Nature has so much beauty, if only we can stop for 2 minutes out of our busy lives and learn to appreciate what’s around us.

Flower Garden

A flower garden is any garden where flowers are grown for decorative purposes.

Because flowers bloom at varying times of the year, and some plants are annual, dying each winter, the design of flower gardens can take into consideration maintaining a sequence of bloom and even of consistent color combinations, through varying seasons. Besides organizing the flowers in bedding-out schemes limited to annualand perennial flower beds, careful design also takes the labour time, and the color pattern of the flowers into account.

The labour time can be decreased by using techniques such as mulching, companion planting, use of specific flowers/plants suppressing grass, … in the vicinity (i.e. Rhinanthus)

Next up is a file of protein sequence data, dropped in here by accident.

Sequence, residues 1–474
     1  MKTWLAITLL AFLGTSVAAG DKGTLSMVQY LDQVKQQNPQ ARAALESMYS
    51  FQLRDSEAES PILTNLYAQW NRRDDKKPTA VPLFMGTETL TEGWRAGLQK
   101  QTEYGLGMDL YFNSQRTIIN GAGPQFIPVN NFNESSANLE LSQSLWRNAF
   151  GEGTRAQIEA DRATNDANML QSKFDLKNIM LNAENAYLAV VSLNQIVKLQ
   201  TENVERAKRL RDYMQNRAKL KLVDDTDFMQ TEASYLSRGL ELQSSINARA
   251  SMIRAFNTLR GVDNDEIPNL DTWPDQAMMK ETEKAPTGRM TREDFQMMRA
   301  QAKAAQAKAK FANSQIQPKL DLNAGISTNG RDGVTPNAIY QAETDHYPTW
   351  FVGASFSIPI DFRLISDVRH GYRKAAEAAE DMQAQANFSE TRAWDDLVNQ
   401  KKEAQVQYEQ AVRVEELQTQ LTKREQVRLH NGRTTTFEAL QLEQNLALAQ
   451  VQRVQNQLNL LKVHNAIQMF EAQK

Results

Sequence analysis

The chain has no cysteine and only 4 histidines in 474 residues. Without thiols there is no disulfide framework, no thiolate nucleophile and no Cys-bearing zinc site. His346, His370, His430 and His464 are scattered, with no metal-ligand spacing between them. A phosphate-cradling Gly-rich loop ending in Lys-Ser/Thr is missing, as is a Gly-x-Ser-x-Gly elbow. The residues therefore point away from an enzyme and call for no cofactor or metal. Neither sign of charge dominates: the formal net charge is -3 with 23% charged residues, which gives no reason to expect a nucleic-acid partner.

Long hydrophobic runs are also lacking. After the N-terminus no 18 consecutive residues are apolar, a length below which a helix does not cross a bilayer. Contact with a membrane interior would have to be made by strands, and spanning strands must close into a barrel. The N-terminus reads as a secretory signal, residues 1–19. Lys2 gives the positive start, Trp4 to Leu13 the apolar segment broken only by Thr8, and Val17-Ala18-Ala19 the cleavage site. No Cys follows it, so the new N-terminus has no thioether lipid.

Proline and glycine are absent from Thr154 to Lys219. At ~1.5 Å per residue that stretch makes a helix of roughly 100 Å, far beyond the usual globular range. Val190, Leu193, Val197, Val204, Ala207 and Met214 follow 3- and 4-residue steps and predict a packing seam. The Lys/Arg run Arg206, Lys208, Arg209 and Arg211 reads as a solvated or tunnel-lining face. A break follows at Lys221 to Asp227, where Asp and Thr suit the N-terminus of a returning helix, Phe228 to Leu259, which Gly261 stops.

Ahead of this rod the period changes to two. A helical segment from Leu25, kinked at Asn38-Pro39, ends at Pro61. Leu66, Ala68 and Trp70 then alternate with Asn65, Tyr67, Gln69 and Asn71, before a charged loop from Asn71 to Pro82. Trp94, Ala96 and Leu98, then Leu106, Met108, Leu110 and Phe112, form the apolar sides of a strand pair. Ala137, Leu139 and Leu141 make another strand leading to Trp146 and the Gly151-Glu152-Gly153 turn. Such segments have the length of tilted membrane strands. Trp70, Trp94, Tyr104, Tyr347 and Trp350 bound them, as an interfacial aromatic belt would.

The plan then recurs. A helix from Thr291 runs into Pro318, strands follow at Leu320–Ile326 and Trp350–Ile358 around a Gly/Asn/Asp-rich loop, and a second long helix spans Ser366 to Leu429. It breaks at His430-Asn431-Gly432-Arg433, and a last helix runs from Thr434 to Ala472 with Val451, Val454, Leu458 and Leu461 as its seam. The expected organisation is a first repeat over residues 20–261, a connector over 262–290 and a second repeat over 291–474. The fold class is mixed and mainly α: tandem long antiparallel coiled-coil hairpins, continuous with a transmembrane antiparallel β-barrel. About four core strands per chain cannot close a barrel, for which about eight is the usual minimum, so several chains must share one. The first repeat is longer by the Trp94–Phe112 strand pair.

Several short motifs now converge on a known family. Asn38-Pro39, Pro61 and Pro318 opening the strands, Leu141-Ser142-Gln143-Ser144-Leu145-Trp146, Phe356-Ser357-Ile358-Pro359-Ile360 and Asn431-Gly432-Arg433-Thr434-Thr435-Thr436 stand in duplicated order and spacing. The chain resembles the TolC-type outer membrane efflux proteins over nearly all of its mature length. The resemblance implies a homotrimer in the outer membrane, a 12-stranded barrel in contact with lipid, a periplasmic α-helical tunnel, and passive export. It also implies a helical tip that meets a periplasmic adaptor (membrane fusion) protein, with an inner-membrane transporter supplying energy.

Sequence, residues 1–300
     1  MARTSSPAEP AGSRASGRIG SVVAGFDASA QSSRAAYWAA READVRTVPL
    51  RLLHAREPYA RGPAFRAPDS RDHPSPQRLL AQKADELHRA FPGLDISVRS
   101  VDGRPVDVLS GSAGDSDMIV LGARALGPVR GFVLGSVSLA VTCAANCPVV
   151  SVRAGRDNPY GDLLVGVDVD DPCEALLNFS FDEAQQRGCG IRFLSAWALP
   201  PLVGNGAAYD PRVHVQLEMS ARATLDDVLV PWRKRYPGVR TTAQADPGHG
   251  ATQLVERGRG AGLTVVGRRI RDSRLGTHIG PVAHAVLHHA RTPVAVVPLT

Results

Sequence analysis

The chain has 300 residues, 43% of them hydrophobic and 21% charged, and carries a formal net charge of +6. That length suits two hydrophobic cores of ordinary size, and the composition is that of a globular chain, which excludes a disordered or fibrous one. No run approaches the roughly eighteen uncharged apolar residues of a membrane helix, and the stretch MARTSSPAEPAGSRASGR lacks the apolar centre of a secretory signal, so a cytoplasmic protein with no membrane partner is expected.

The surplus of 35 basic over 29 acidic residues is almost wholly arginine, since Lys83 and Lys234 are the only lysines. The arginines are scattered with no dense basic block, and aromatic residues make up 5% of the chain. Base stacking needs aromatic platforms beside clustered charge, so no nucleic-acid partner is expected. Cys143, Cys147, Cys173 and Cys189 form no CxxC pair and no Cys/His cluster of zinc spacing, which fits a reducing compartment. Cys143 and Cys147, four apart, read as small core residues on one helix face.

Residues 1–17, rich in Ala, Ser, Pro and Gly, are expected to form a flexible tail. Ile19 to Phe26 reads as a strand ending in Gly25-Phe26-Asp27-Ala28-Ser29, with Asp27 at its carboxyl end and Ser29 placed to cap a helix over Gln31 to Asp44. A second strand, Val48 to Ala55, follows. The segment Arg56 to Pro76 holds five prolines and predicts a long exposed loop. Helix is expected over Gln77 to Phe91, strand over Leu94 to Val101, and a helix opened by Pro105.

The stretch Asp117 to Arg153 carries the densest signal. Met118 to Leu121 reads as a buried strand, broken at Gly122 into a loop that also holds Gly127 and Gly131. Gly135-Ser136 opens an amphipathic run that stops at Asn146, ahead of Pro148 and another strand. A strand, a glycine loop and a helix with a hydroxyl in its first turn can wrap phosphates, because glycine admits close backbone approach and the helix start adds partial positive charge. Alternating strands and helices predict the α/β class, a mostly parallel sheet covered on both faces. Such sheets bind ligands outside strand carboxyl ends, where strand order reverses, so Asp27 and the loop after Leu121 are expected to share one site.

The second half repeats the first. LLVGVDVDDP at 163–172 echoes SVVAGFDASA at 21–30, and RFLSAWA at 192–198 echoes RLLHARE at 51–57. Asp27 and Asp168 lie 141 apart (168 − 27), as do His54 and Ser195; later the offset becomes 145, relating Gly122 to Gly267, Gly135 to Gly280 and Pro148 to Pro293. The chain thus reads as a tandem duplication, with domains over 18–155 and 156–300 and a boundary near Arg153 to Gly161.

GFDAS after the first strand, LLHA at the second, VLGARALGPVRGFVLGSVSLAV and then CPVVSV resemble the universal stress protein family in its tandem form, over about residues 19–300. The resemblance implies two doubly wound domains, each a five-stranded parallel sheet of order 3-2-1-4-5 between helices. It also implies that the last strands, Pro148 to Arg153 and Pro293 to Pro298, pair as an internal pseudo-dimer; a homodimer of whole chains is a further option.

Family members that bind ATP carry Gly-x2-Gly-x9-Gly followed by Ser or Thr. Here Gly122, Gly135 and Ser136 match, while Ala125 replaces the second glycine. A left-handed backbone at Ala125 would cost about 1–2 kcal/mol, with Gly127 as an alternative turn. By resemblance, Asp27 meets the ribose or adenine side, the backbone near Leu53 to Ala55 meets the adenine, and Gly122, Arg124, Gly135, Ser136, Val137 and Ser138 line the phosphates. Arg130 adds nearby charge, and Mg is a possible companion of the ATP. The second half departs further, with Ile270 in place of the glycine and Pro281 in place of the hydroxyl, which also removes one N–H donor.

Flower color is another important feature of both the herbaceous border and the mixed border that includes shrubsas well as herbaceous plants. Flower gardens are sometimes tied in function to other kinds of gardens, like knot gardens or herb gardens, many herbs also having decorative function, and some decorative flowers being edible.

A simpler alternative to the designed flower garden is the “wildflower” seed mix, with assortments of seeds which will create a bed that contains flowers of various blooming seasons, so that some portion of them should always be in bloom. The best mixtures even include combinations of perennial and biennials, which may not bloom until the following year, and also annuals that are “self-seeding”, so they will return, creating a permanent flowerbed.

Another, even more recent trend is the “flower garden in a box”, where the entire design of a flower garden is pre-packaged, with separate packets of each kind of flower, and a careful layout to be followed to create the proposed pattern of color in the garden-to-be.